R.Ph.s brace for payment denial for hospital-acquired conditions


CMS will soon be denying reimbursement for certain hospital-acquired conditions, according to new rules published this year.

CMS has adopted a handful of events from a list endorsed by the National Quality Forum. In 2002, NQF endorsed a list of 27 serious adverse healthcare events that are preventable and of significant concern to healthcare providers and patients. Several of these events, CMS has determined, are clearly preventable. Therefore, effective Oct. 1, 2008, CMS will not pay hospitals for additional costs incurred by any of the following conditions occurring after admission: pressure ulcers, blood incompatibility, air embolisms, objects inadvertently left in patients during surgery, hospital-acquired injuries (burns, fractures, dislocations), catheter-associated infections (urinary and vascular catheters), and infections associated with coronary artery bypass graft surgery.

Minnesota hospitals are taking reform one step further. On Sept. 18, Gov. Tim Pawlenty announced hospitals will not bill patients or their insurers for any of NQF's 27 types of preventable adverse health events. "It seems obvious to us, but Minnesota is the first state in the nation to agree that patients, employers, and insurers shouldn't pay for care made necessary by an adverse health event," Pawlenty said.

Although Massachusetts does not have a similar law, just over half of the state's hospitals have adopted the policy of not charging patients or their insurers for errors. According to Leapfrog Group, 33 of the state's 61 hospitals have voluntarily ceased charging for any of the preventable events on NQF's list. Other hospitals in the state may soon follow suit.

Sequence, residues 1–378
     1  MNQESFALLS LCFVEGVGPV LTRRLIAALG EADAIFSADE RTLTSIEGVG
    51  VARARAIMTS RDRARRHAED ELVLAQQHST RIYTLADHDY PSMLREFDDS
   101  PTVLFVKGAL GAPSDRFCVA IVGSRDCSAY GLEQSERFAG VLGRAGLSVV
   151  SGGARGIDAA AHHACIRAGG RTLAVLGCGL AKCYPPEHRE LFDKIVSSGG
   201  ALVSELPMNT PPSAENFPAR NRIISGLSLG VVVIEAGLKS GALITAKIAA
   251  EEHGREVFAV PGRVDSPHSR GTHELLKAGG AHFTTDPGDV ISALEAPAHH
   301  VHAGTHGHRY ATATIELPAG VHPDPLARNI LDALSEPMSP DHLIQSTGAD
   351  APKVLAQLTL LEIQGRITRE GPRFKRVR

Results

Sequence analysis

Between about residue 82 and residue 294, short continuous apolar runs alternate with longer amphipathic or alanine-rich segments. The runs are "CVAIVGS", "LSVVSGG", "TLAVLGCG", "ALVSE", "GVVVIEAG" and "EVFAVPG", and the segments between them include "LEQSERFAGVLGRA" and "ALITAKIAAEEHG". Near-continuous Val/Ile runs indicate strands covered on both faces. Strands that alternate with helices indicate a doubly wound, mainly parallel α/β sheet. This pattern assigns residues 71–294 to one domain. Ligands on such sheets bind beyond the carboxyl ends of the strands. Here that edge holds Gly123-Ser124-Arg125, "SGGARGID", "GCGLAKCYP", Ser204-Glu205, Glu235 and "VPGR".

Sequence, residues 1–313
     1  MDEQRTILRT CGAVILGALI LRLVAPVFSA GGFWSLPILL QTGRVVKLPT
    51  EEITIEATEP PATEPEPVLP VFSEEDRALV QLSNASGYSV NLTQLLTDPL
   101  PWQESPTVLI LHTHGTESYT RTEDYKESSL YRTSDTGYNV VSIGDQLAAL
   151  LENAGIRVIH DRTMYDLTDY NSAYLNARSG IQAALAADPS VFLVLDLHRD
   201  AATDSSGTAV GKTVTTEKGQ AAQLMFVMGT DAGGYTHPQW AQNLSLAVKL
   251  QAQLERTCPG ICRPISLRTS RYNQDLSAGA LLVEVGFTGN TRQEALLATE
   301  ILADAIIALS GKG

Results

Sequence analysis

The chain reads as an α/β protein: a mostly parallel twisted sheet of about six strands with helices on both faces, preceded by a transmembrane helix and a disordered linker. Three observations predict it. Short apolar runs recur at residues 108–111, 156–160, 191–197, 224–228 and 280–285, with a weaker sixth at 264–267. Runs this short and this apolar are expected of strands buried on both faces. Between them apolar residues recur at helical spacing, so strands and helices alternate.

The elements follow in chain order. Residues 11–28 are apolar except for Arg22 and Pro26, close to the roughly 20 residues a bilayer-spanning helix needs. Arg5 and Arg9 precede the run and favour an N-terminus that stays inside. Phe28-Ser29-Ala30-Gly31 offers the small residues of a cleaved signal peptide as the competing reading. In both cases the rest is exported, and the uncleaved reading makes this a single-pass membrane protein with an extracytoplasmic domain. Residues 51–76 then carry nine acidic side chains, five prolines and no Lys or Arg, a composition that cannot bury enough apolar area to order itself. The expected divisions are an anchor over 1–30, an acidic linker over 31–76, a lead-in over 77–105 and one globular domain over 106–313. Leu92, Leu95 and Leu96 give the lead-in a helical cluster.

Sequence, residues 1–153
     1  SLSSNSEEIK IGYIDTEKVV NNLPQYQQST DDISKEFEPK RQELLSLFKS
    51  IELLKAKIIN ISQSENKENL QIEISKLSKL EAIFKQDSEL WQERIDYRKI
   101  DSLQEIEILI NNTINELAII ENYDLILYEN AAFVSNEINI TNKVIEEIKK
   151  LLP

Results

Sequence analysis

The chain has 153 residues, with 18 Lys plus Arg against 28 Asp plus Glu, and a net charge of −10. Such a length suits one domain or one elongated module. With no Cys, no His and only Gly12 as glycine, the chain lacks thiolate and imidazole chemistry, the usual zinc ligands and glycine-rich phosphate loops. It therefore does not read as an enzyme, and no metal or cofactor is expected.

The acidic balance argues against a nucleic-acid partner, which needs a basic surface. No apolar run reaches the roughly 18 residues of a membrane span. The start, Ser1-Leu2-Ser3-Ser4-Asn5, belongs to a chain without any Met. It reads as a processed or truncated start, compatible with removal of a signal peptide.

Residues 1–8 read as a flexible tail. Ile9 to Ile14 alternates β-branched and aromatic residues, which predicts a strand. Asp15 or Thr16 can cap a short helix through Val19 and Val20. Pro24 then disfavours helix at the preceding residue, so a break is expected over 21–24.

The new rules taking effect nationally and in individual states will require hospitals to make changes. First and foremost, hospitals must be sure all primary and secondary diagnoses are noted upon admission. A diagnosis made after admission may result in nonpayment.

With new challenges come opportunities for improvement, but "there's always the potential for untoward consequences," Thompson said. For example, it's possible that in order to prevent infection, too many patients could be put on unnecessary prophylactic antibiotics.

"The value of the pharmacist in these programs is significant," he said. Monitoring appropriate antibiotic use will be a key function health-system R.Ph.s can perform.

Checking it twice

Although medication errors can cause significant harm, this preventable occurrence is notably missing from CMS' list. That's probably because there is no code yet for medication errors, said Michael D. Sanborn, B.S., M.S., corporate director of pharmacy for Baylor Healthcare System, Dallas. With all the evidence available on injuries caused by medication errors, Sanborn believes it's only a matter of time before payers deny payment for this type of injury as well.

Meanwhile, health-system R.Ph.s can help prevent HACs in many ways. "One big thing is hand washing," said Sanborn. Pharmacists should be sure they and everyone with patient contact are practicing good infection control measures. Pharmacists should also participate in fall committees, he said, because they can help identify drugs and other hazards that make patients more susceptible to falls.

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